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  1. Same here. 10 minutes in and it’s pure unadulterated Shenmue. Stilted voice acting, squeaky kids, weird-looking adults and toy capsule vending machines. Precisely what I wanted It really felt genuinely emotional to take those first few steps and continue the journey once more after 18 long years.
  2. Yeah you're quite right, although 0 (sweat) grenades also disperse them, albeit to a lesser degree than 1 (piss) grenades.
  3. They're progressively stronger (sweat<piss<shit) grenades that reveal the location of BTs, cause them to move away from the location they're thrown at and make them more vulnerable to damage. Hematic grenades I found to be generally far more useful.
  4. I still have to pinch myself that this is almost here. So great that Yu Suzuki got to continue the series and 18 years (!) later we get to experience it for ourselves. Lan Di gonna get fucked up.
  5. Yeah I rinsed it fairly thoroughly although there's still one location I haven't hooked up to the chiral network. Episodes 3 and 8 are where I really did the most exploring and focused on building roads and levelling up locations etc. It's pretty clear when you're headed into the endgame and the last episodes are very cutscene heavy, as you'd expect. Although there are missions interspersed between them so any accusations of it just being a movie at this point aren't entirely correct. I'd set aside an evening and some tissues though. (Been bed-ridden recovering from an operation, so I sort of have an excuse... The irony of enjoying a game that features your character strenuously lugging cargo across a hostile landscape as I was sat on my backside for hours every day wasn't lost on me though).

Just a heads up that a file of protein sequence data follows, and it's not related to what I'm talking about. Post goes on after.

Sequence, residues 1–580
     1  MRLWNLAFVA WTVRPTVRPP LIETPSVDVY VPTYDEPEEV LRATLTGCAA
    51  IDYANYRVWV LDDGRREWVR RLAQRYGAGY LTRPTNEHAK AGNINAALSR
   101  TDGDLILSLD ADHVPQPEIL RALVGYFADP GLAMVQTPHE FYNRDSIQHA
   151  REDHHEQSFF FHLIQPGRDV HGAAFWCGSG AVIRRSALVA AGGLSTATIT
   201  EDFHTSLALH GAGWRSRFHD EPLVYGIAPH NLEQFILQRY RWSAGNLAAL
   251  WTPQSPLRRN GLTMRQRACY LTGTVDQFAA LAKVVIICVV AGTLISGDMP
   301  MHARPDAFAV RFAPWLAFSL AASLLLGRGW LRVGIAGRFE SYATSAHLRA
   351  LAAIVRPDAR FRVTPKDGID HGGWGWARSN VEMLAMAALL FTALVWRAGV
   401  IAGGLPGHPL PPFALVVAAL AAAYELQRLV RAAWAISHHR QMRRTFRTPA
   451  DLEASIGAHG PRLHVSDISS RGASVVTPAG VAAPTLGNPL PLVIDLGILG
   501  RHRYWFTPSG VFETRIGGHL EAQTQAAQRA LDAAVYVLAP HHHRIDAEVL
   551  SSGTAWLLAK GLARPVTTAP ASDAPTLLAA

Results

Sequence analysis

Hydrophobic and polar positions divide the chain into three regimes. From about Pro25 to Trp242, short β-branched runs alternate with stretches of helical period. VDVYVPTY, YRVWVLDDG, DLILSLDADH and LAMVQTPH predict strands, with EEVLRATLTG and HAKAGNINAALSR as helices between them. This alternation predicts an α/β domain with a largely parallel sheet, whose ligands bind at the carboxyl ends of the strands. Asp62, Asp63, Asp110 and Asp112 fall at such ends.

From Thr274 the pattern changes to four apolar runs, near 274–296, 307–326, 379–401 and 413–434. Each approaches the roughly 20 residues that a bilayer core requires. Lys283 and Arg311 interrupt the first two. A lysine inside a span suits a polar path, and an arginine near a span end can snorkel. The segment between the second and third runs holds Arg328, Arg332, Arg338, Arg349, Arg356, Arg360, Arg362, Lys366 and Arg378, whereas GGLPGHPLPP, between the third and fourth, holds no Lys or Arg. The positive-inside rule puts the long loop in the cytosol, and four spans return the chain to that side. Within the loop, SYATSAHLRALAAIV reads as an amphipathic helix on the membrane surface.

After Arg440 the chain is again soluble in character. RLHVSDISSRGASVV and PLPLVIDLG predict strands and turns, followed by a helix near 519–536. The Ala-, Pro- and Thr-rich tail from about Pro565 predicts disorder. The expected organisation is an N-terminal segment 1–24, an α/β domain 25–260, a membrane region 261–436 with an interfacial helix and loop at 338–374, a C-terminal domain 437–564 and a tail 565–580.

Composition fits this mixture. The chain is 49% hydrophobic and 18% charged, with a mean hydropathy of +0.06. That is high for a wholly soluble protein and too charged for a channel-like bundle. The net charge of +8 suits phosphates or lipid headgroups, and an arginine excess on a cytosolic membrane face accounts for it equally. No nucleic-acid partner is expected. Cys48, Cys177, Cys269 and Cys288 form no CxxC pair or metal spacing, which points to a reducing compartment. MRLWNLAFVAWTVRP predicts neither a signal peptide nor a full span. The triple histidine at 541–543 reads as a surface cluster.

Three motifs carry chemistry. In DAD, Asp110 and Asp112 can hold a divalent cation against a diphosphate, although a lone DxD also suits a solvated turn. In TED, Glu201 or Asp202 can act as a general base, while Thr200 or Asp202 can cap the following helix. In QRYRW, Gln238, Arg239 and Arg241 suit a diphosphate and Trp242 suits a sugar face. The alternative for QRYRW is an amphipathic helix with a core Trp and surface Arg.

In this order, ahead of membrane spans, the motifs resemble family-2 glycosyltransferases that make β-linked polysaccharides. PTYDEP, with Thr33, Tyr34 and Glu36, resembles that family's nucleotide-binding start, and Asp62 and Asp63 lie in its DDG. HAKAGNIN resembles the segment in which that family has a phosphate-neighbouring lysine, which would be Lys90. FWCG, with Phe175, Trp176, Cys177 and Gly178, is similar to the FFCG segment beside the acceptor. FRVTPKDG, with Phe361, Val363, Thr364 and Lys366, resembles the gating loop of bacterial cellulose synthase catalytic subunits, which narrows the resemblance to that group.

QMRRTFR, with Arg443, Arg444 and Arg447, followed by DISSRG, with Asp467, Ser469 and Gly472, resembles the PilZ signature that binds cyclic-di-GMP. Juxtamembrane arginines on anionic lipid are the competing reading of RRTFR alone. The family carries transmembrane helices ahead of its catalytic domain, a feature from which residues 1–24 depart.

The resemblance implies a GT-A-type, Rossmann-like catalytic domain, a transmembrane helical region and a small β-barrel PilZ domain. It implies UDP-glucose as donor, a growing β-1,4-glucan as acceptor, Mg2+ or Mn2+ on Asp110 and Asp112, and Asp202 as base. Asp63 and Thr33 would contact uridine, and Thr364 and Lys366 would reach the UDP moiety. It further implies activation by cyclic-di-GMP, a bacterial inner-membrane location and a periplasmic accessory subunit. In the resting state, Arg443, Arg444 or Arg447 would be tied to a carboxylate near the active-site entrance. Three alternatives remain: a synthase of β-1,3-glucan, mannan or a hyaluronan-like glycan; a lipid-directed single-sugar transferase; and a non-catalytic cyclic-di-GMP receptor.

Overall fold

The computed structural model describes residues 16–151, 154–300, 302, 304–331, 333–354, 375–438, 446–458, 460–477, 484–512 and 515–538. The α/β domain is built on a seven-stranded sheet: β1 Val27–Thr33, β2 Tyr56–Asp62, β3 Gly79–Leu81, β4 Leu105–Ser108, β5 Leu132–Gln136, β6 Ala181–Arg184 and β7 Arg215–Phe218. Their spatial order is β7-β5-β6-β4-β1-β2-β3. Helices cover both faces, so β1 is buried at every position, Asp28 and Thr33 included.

6. Aaand done. Ended up with 94 hours on the clock and I wouldn't take a single one of those back. Pure brilliance and enjoyment from beginning to end. The ending stretch story-wise is absolutely fucking insane, even by Kojima's lofty standards. I was an emotional wreck by the end of it. Easily my GOTY and I'll have to give it 6 months or so to see where it eventually settles in my personal all-time list but it's gonna be right up there. In terms of visuals, music, story, the moment-to-moment trekking gameplay and the social strand interconnections I've never played anything like it. I found it an incomparably haunting and engrossing experience that evoked many memories of treks and hikes I've done in various places round the world (but with added chest-strapped babies and transdimensional ghosts, of course). I think this was a huge part of why I enjoyed it so much and it had such a hold on me, but I'd never be able to fully explain it. It's just remarkable to me that a videogame can do that these days. It's a true original and in my opinion a masterpiece. (+20 Likes given to Kojima Productions)